Back at it again at Patheos Pagan.
The spirits I work with tend to call July ‘Hell Month’. Years ago, the hot summer sun baking the Sonoran desert like an oven, I walked and contemplated (or, more accurately, whined about) the nightmares I had been suffering. Awful dreams more reminiscent of when one is struck by an illness than anything else, the nightmares left me feeling shaken and upset. My spirit partner had commented offhand, “Of course you’re having nightmares, it’s Hell Month.”
Summer in Tucson was always my least favorite season, of the two we had. (Well, three, considering the monsoons.) And as I worked more with those spirits, I heard the phrase utilized more often until I decided to incorporate it into the Otherfaith.
When we moved to a colder climate I wondered at the impact to my religious practice and spiritual life. Would July still ring through my bones as a time of mourning and frustration? Or would some other month claim those feelings, instill those feverish otherworldly nightmares?
There wasn’t an easy answer. There are more seasons here, where I live now, than I used to experience. Or perhaps just different seasons. Leaves change color and litter the streets. The trees smell differently. The explosion of green in spring brings more shades than I knew possible. The bony fingers of the trees reach to scratch pale skies in winter, with mist blanketing the landscape in an ominous enticing haze.
I had never understood the sort of environmental depression that could take hold in winter until living here. It wasn’t hellish, though. The trials of wintertime darkness have been well-explored and well-fought. Warm wine, twinkling lights, and family help fight it off.
The summer is more bearable here, certainly, but come July the nightmares do begin again. I suspect it is because of the energies I’ve tapped into with the Gods and spirits of my practice. I can no more escape them than I can escape my body; which is to say that any escape would sacrifice something too precious to forfeit.
I’ve seen a lot of posts on ‘Tower Time’. (Not included are the many social media posts talking about it.) I wouldn’t compare the Otherfaith’s Hell Month to Tower Time, because I don’t know if they really fit. The way my fellow bloggers talk about Tower Time, I have always felt it more apocalyptic than the stream of energy in July.
My loathing for ‘Tower Time’ may play into my hesitation to compare the two, though.
And I did loath the idea and its propagation. My fear was that such focus on doom and gloom would lead to dangerous places, that more often than not it was about posturing and frightening newcomers. (Even if I trusted the people writing or talking about it, it made me rather squirrelly.) I didn’t disagree with the premise – that there was something coming, that there was a scent on the wind, a stirring – but I had been hearing similar claims for years and years and years.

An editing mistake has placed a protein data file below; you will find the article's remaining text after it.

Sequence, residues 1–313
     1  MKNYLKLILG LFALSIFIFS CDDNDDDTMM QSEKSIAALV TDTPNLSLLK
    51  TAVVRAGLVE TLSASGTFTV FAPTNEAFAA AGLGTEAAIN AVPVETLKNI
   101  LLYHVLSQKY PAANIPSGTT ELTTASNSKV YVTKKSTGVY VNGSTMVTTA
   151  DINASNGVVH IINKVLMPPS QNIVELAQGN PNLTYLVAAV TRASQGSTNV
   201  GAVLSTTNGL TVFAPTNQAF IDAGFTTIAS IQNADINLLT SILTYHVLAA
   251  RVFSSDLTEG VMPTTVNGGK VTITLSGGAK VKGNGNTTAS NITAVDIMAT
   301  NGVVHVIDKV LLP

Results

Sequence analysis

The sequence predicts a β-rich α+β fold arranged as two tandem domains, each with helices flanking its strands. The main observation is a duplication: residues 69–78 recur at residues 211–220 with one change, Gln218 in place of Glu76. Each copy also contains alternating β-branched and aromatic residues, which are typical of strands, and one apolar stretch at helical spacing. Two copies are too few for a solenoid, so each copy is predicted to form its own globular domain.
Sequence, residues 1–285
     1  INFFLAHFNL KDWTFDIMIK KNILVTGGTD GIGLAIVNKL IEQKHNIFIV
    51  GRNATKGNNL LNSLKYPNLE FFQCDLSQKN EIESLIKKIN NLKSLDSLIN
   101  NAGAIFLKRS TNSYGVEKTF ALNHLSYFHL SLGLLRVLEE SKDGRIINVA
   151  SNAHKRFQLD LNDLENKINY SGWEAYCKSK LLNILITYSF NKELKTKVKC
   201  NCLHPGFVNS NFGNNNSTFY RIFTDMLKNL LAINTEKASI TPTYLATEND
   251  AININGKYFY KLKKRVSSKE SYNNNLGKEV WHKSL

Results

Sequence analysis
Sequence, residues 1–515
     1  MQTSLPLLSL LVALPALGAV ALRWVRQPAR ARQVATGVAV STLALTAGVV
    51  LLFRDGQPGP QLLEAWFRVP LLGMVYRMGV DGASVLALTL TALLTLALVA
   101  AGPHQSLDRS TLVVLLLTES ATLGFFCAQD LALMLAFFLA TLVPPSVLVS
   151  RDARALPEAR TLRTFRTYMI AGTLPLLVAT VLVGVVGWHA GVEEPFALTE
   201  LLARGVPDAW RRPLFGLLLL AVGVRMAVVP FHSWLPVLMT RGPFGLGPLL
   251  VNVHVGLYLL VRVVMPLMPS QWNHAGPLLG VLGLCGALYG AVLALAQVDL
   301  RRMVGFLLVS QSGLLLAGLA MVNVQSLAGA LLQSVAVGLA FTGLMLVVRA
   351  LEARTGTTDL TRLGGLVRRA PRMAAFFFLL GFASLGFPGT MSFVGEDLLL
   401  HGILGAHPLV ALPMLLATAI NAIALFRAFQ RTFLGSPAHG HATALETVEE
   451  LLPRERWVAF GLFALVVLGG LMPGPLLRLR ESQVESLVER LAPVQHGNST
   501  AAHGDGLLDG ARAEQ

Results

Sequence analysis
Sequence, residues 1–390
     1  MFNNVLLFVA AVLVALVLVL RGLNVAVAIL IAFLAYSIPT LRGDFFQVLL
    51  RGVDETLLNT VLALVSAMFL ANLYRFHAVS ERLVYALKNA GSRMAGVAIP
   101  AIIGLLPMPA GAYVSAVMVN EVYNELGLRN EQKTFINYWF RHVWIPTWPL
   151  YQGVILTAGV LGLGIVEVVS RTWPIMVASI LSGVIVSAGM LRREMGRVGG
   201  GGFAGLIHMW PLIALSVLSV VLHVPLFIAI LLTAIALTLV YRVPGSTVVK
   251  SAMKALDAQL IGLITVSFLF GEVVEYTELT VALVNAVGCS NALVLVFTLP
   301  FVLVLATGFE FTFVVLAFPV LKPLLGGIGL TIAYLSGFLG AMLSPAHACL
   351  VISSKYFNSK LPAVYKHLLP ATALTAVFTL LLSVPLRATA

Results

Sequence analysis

2020 has certainly put all those posts into a perspective.
Often when I read about the tumultuous times ahead of us, when I first started seeing all this talk of Towers, I assumed that change might come, but I wouldn’t be there to see it. The world as it is would continue on until it snapped. But that would happen later, always later. If I isolated that shift to some far off point in time I wouldn’t have to confront the deeper fear festering in my heart: that the change would come, and be awful and terrible to behold, and be worse.
Hell Month is supposed to be about being able to acknowledge the awful parts of our lives, our existence, our society, but it was always capped off by an inspirational, aspirational emotion. The Gods win over evil (whatever that is). The injustices of the world are righted. We aspire and achieve hope. You make it through hell.
You make the world better.
More Than a Month
It’s not just July this time around, though. For months, my brain and heart have stepped through the thick muck of Current Events.
A story I read recently mentioned ‘time disorientation’ and ‘depression’ as symptoms of isolation, and the author wryly commented in their end notes that aspect of the story hasn’t aged well, in this time of quarantine.
Time becomes like molasses one moment, then a rushing river the next.
It doesn’t help that where I am…well, we are returning to normal. More normal. My aversion to social media has only grown since March. Now, as my offline life and home settles back in to the familiar patterns, going online and glimpsing the rest of the world can become paralyzing. The paths my mind spirals around remind me of the line from Oliver Thorn’s video on data and surveillance:
I don’t want to think.
But we have to think about it. I have to think about it. That’s what the Gods were trying to show with Hell Month the whole time, I suspect.